WCF: IIS Hosting, Windows Authentication and File Permissions

July 25th 2012 WCF IIS Administration

Troubleshooting WCF services is often challenging, mostly because of cryptic and uninformative error messages. When you combine that with complex usage and configuration scenarios, it takes time to get to the bottom of the problem. The issue I'm about to describe manifested itself on a production server running a WCF service with HttpModule based Windows authentication. Other authentication methods worked fine, while with Windows authentication WCF returned a rather cryptic error message:

The HTTP request is unauthorized with client authentication scheme 'Negotiate'. The authentication header received from the server was 'Negotiate,NTLM'.

Since the exact same error message is being returned to the client when the HttpModule replaces the WindowsPrincipal in the current HttpContext with a custom IPrincipal, my first thought was that for some reason HttpModule was misbehaving. Adding detailed tracing to the HttpModule proved that this was not the case: WindowsPrincipal was kept intact. Now that my only potential cause for the problems turned out not to be at fault, it was time to localize the problem by simplifying the test case.

That meant trying out a simple WCF service using plain Windows authentication without a HttpModule. I always have one handy for cases like this:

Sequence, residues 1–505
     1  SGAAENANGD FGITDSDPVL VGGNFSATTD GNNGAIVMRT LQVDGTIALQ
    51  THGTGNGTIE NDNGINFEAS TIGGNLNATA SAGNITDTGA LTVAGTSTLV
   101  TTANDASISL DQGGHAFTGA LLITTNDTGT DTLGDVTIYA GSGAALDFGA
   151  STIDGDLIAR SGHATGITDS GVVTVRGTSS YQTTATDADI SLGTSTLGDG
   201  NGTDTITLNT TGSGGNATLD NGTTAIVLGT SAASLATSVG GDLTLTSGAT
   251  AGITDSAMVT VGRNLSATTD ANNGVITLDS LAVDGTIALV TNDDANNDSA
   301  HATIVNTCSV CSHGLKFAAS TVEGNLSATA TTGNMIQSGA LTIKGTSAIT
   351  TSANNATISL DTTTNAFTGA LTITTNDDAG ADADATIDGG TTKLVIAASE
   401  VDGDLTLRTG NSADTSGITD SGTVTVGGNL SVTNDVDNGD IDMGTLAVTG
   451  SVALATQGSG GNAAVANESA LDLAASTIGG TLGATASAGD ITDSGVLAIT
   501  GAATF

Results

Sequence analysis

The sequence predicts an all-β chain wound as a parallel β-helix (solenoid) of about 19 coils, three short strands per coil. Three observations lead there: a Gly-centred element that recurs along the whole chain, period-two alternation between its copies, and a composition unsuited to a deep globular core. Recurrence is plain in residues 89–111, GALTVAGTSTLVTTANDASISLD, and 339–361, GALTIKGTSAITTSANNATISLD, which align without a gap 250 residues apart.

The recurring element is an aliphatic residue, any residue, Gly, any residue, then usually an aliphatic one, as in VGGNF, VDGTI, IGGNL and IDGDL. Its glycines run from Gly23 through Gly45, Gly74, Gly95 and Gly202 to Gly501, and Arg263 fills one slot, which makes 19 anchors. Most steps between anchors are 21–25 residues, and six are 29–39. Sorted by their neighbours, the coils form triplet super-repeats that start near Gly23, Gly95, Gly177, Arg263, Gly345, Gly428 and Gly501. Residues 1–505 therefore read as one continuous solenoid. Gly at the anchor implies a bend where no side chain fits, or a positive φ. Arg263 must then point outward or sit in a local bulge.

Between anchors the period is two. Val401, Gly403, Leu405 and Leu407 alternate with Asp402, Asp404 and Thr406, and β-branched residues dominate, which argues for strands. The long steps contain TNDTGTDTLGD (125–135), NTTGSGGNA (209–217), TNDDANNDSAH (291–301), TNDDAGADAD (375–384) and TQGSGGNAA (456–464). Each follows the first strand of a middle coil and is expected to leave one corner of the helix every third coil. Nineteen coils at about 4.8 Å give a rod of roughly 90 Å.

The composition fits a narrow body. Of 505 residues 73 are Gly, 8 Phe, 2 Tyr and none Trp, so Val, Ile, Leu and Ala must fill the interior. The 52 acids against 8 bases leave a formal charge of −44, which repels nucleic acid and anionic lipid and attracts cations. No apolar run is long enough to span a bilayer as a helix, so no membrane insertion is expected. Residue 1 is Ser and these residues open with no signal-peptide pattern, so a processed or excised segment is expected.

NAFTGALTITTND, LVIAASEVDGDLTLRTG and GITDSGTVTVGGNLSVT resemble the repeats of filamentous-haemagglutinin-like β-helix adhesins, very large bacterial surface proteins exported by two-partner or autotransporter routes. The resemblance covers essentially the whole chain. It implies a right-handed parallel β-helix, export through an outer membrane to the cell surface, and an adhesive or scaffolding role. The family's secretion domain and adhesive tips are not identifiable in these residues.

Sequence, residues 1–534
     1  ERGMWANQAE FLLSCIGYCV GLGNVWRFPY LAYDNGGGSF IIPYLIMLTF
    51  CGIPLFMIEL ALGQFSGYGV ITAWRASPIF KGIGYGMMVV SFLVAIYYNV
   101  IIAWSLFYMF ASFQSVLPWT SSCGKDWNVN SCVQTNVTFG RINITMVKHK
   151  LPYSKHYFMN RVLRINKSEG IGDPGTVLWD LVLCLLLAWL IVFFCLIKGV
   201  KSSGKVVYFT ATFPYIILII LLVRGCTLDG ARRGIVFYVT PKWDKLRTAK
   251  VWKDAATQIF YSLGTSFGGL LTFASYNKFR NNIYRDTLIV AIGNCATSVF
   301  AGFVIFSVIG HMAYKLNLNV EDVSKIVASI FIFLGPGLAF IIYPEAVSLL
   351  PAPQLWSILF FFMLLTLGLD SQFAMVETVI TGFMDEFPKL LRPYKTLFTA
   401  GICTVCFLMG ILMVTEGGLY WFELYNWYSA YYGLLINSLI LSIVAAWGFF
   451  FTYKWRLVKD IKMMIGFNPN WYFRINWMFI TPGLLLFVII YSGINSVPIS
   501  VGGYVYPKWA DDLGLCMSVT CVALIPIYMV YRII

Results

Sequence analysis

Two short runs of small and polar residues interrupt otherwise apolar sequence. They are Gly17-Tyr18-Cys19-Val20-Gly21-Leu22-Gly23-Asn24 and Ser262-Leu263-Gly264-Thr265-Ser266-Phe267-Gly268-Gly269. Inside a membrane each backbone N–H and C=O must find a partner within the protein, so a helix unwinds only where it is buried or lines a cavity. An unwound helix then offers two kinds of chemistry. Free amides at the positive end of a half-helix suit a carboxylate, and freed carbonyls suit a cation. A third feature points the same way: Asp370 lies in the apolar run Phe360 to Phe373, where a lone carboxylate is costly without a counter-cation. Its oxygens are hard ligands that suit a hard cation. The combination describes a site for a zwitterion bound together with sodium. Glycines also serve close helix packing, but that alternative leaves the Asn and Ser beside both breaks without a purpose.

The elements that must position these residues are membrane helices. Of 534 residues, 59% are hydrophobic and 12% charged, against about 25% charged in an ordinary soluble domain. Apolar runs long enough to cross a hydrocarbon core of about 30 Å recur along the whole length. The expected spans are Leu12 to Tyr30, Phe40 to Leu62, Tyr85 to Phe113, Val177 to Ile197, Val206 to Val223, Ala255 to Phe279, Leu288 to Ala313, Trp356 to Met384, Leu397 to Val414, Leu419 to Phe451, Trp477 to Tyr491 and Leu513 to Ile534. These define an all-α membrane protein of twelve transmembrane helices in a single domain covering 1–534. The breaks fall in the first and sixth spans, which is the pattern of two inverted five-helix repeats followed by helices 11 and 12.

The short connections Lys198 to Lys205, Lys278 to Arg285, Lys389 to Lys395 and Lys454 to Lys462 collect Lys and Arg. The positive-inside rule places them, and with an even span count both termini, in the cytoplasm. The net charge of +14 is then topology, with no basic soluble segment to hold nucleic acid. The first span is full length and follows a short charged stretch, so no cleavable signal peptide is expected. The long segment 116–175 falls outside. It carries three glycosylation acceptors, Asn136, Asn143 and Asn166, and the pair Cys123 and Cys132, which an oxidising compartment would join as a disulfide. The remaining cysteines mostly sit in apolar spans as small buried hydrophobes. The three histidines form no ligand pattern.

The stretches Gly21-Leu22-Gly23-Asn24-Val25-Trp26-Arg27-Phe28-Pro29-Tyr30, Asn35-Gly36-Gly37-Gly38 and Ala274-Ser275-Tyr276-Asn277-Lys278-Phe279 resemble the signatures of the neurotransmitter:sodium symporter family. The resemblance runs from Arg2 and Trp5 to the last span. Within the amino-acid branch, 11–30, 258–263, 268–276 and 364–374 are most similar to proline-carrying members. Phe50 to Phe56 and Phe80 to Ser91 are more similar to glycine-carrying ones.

[ServiceContract]
public interface IService1
{
    [OperationContract]
    string GetData(int value);
}

public class Service1 : IService1
{
    public string GetData(int value)
    {
        return String.Format("You entered: {0}\nUsername: {1}", value, 
            ServiceSecurityContext.Current == null ? 
                "<null>" : 
                ServiceSecurityContext.Current.PrimaryIdentity.Name);
    }
}

You might recognize it as a slightly modified WCF service template included in Visual Studio. Of course web.config file needs to be modified as well:

<?xml version="1.0"?>
<configuration>
  <system.web>
    <authentication mode="Windows"/>
  </system.web>
  <system.serviceModel>
    <behaviors>
      <serviceBehaviors>
        <behavior name="ServiceBehavior">
          <serviceMetadata httpGetEnabled="true" />
          <serviceDebug includeExceptionDetailInFaults="true" />
        </behavior>
      </serviceBehaviors>
    </behaviors>
    <bindings>
      <basicHttpBinding>
        <binding name="HttpWindowsBinding" maxReceivedMessageSize="2147483647">
          <readerQuotas maxBytesPerRead="2147483647" maxArrayLength="2147483647" 
                        maxStringContentLength="2147483647" 
                        maxNameTableCharCount="2147483647" maxDepth="2147483647"/>
          <security mode="TransportCredentialOnly">
            <transport clientCredentialType="Windows" />
          </security>
        </binding>
      </basicHttpBinding>
    </bindings>
    <services>
      <service name="TestService.Service1" behaviorConfiguration="ServiceBehavior">
        <endpoint address=""
                  binding="basicHttpBinding"
                  bindingConfiguration="HttpWindowsBinding"
                  contract="TestService.IService1" />
      </service>
    </services>
  </system.serviceModel>
</configuration>

The client app just references the service and calls its only method:

class Program
{
    static void Main(string[] args)
    {
        try
        {
            var proxy = new ServiceReference1.Service1Client();
            Console.Write(proxy.GetData(1));
        }
        catch (Exception e)
        {
            Console.Write(e.ToString());
        }
        Console.ReadLine();
    }
}

For the sake of completeness, here's the app.config file:

<?xml version="1.0" encoding="utf-8" ?>